ped of his office and arretted ; he was not, however,
fcnt to prifon, but remained during ten months con-
fined in his houfe, with three keepers.

. He was one of the few members of the Commune y
who did not participate in the confpiiacy of the 9th
Tbermidon On the contrary, he repaired v/ith his
guards to the Champs -Ely sees^^ to combat, with his
. accuftomed energy, the fadtion of Robefpierre. Some
time after this, he obtained his libzrtyj but he fell
fick the day after, and died in the courfe of a week.

Occupied in favour of liberty from the begin-
ning of the revolution, he had not only neglected,
but ruined -his fortune, and died poor. His family,
consequently, is in want, and depends folely o» the
bounty of the republick.

MADAME DE SILLERY.

The lady now known by this name, and formerly by
thofe of Madame de Brulart, and Madame de Genlis,
has diftixiguijlhed herfelf in the republick of letters.
Y2 At



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244 MADAME OE SIIL£RY«

At an early period of her life, (he entered into
the fervice of the family of Orleans, and poflefled
great influence over the duke, until he turned politic
ciatty a fituation he was but little calculated for,
either by nature or education. On his miflion to
England, which has ftiU fomething apocryphal in it,
fhe excufed his departure, in ^ note, which th«
amiable and refpeSable duchefs, his unfortunate con-
fort, tranfmitted to all the journals. She alfo ad-
vifed hiin againft accepting the regency ; and he
being like Mr. Burke's friend. Lord Kepple, no
great cleri^ fee arranged the letter, announcing his
refufaU

Having fuccceded at the commence»ient of the re-
volution to a large fortune, fhe gave in her refignation
as gouvernantfy but afterwards accompanied one
of her female pupils to England, which occafioned
her to be included in the lift of emigrants. She
was afterwards decreed in a ftate of accufation, on
account of her fuppofed conne£lion with Dumou-
ri'ezj but, on the cpntrary, fhe had given that ge-
neral gi:eat offence, by declaring it as her opinion,
that France, after overturning the monarchy, was"
bound in honour to maintain the republick.

Madame de* Sillery, who had lived on terms of
intimacy with D'Alembert, and all the great men
of France, during her own time, was fuppofed to
have drawn up the celebrated paper, publifhed in
the name of the duke of Orleans, entitled, *' Ca*
hurs-a fes commetansy* which gave a woiidcrful
Impulfion to the publick mind, and ierved as a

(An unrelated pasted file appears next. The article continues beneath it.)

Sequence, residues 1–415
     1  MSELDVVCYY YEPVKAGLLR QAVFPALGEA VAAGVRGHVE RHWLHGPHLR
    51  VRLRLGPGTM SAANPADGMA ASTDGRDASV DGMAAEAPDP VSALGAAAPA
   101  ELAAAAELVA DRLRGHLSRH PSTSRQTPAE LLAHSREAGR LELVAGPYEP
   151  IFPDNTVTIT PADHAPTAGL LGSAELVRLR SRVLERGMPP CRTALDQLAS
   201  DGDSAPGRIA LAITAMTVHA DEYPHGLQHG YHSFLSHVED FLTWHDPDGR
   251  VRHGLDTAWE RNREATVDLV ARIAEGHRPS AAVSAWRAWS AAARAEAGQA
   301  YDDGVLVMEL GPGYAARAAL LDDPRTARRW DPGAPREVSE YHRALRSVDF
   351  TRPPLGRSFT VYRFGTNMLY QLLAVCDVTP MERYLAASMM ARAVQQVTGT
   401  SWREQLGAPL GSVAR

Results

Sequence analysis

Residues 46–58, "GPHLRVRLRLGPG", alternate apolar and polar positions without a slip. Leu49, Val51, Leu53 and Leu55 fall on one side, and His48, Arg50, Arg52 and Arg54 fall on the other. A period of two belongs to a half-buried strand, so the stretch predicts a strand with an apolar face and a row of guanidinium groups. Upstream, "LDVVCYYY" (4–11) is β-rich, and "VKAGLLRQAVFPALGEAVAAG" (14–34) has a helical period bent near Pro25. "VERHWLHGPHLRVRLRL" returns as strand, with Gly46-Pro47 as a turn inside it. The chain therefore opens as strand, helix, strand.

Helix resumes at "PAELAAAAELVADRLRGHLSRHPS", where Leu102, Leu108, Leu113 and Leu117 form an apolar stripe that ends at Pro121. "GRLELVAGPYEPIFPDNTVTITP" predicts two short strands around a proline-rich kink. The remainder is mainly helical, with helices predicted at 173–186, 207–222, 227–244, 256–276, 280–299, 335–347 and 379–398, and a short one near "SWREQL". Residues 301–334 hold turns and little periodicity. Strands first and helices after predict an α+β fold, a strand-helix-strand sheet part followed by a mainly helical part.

model



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MAOAMB jyM SILLBRY. . I45

HK^Iel to'moft of thofe printed anterior to the meet*
ing of the ftates-general. She, however, denies this
noiY, as (he did at that time to Madame de Houfflers ;
and it is thought to -be the produAion of his friend
La Clos i a man more celebrated for his talents than
}ns morals. To the honour of this lady, fhe was al-
ways ready to patronize men of genius, and to her was
Jeft the dire£tion of fuch fums as the duke of Orleans
chofe to confer on thofe who fuftained the honour of
French literature. She alfo procured a penfion from
M. de Calonhe, for an author whom fhe had never
feen, but whofe productions fhe was charmed with.

After having married one of her pupils (the accom-
plifhed Pamela) to the brave and unfortunate Lord
£dward Fitzgerald, and placed another under the pro-
teft'on of her own family, fhe retired to and now
refides in the King of Denmark's German domini-
ons, in the neighbourhood of Altona, with her niece,
"who is married to M. de Valence,
• Madame de Sillery complains bitterly of the arts
that have been recurred to in order to calumniate'her;
and, with a view to obviate all fufpicion, (he has pub-
lifhed a hiftory of her life, fince the important epoch
of the revolution, in which flie endeavours to refcue
her charaftpr from the afperfions of ignorance and
malevolence. She tells us, that after having confe-
crated twenty-five years t$ the education of her Chil-
dren and her pupils, {he at laft enjoys that retirement
after which her heart had always panted. She has been
accufed of a turn for intrigue ; but is this likely, when
it is recolleifted that flie never folicited a favour from
Y3 th«



yGooQle



gi



246 SffADAMt 91 SXUBJtr.

the courti and never onct waited on a mitltftef ; that
fhe occupied nearly the whole of her time in the du^
ties of inftru<Slion ; (hut herfelf up in a conTent^ and
never gave or received an entertainment during tfcir«
teen years ?

She had early forefeen that the views of the court,
the diforder of the finances, and the general difcoti-
tent) Were likely to produce an inteftine commotion.
In order to avoid its effeds, ihe had determined to
repair to Nice with her pupils ; but this refolution
gave fUch a ftab to the frail and futttl popularity of
the houfe of Orleans^ that the fcheme was abandomecL